Ontario: The Ontario Reference was heard in April 2019, and the Ontario Court of Appeal issued its decision on June 28, 2019 (Reference re Greenhouse Gas Pollution Pricing Act, 2019 ONCA 544 (CanLII)). The Attorney General of Ontario (“Ontario“) filed a Notice of Appeal at the Supreme Court of Canada on August 28, 2019. All of the case documents, and video of the proceedings, can be found here.
The ONCA said, also in upholding the carbon tax;
 The Act is within Parliament’s jurisdiction to legislate in relation to matters of “national concern” under the “Peace, Order, and good Government” (“POGG”) clause of s. 91 of the Constitution Act, 1867. Parliament has determined that atmospheric accumulation of greenhouse gases (“GHGs”) causes climate changes that pose an existential threat to human civilization and the global ecosystem. The impact on Canada, especially in coastal regions and in the north, is considered particularly acute.
 The need for a collective approach to a matter of national concern, and the risk of non-participation by one or more provinces, permits Canada to adopt minimum national standards to reduce GHG emissions. The Act does this and no more. It leaves ample scope for provincial legislation in relation to the environment, climate change and GHGs, while narrowly constraining federal jurisdiction to address the risk of provincial inaction.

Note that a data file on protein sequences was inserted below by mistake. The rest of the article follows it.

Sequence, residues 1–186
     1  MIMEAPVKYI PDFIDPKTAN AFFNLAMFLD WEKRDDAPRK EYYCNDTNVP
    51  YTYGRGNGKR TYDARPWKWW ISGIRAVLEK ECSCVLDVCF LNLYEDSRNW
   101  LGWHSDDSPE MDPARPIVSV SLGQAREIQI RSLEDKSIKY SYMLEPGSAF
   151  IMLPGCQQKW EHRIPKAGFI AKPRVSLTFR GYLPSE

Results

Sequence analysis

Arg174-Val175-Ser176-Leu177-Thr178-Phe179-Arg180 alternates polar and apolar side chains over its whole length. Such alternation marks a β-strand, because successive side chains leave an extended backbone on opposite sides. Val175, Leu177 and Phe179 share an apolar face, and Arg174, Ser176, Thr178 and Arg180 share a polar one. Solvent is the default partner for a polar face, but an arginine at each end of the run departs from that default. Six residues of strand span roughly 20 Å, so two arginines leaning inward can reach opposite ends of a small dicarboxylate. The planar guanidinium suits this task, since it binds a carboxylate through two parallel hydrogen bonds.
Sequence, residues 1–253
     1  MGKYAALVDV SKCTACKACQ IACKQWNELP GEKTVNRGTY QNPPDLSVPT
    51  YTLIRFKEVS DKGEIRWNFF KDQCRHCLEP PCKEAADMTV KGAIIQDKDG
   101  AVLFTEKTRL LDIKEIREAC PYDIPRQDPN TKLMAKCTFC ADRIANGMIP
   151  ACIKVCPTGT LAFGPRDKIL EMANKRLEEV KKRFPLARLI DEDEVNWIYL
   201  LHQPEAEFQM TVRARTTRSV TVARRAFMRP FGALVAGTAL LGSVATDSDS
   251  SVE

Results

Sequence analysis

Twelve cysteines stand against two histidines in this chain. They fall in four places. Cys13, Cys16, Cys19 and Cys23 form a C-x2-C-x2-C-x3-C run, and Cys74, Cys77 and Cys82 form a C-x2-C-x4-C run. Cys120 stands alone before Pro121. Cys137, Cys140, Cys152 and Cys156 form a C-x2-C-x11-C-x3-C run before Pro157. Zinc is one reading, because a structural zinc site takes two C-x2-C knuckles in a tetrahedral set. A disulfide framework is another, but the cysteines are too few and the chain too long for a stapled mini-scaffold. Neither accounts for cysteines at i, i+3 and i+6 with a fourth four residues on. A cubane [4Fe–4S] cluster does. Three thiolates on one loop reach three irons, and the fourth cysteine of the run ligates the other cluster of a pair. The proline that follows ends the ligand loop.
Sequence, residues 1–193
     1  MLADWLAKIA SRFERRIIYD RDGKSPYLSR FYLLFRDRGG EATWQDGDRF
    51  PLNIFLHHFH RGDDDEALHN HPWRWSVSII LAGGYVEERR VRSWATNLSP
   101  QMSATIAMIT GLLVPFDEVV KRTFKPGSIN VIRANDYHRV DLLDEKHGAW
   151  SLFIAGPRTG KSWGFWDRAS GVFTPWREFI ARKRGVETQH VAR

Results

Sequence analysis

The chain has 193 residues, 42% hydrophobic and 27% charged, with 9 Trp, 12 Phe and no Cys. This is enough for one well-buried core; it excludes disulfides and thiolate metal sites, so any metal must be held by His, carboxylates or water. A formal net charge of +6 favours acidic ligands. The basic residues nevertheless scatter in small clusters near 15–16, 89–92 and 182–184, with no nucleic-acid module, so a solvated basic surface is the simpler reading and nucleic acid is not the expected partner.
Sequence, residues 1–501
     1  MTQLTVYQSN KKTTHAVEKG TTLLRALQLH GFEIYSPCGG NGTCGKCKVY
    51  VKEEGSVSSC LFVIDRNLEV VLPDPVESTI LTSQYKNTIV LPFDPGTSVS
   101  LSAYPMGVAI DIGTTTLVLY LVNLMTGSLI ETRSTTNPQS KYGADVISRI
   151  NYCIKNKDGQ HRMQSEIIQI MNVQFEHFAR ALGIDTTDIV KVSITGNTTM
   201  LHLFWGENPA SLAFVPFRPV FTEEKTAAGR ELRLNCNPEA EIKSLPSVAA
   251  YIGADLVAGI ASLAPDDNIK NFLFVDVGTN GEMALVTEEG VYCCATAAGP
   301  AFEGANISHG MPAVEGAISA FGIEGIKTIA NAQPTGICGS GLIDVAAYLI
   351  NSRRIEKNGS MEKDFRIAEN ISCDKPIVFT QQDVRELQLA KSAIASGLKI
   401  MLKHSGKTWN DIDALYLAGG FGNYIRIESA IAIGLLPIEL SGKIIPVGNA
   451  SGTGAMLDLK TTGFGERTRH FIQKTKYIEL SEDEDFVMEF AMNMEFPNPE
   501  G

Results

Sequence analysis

And aptly quoted the Paris Accord to say;
 Climate change was described in the Paris Agreement of 2015 as “an urgent and potentially irreversible threat to human societies and the planet”. It added that this “requires the widest possible cooperation by all countries, and their participation in an effective and appropriate international response”.
Alberta: The Alberta Reference was heard on December 16, 17, and 18, 2019, and the Alberta Court of Appeal issued its decision on February 24, 2019 ( Reference re Greenhouse Gas Pollution Pricing Act, 2020 ABCA 74 (CanLII)). British Columbia filed a notice of appeal on March 25, 2020.
The ABCA opened very differently, signalling at the start that they were finding the carbon tax unconstitutional;